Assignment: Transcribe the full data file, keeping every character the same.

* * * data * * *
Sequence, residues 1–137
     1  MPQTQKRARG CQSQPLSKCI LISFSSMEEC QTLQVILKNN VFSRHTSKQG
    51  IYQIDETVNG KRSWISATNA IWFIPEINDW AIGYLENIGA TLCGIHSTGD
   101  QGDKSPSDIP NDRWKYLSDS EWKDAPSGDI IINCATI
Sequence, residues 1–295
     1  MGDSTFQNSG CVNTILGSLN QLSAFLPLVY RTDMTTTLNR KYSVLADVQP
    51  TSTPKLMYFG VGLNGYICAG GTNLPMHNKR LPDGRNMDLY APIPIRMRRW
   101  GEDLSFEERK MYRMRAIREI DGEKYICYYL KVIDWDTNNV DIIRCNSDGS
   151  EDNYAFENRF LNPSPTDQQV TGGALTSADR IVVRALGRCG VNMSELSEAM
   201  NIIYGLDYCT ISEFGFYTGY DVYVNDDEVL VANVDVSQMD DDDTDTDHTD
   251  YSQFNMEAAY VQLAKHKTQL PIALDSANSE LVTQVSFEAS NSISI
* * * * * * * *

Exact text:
Sequence, residues 1–137
     1  MPQTQKRARG CQSQPLSKCI LISFSSMEEC QTLQVILKNN VFSRHTSKQG
    51  IYQIDETVNG KRSWISATNA IWFIPEINDW AIGYLENIGA TLCGIHSTGD
   101  QGDKSPSDIP NDRWKYLSDS EWKDAPSGDI IINCATI
Sequence, residues 1–295
     1  MGDSTFQNSG CVNTILGSLN QLSAFLPLVY RTDMTTTLNR KYSVLADVQP
    51  TSTPKLMYFG VGLNGYICAG GTNLPMHNKR LPDGRNMDLY APIPIRMRRW
   101  GEDLSFEERK MYRMRAIREI DGEKYICYYL KVIDWDTNNV DIIRCNSDGS
   151  EDNYAFENRF LNPSPTDQQV TGGALTSADR IVVRALGRCG VNMSELSEAM
   201  NIIYGLDYCT ISEFGFYTGY DVYVNDDEVL VANVDVSQMD DDDTDTDHTD
   251  YSQFNMEAAY VQLAKHKTQL PIALDSANSE LVTQVSFEAS NSISI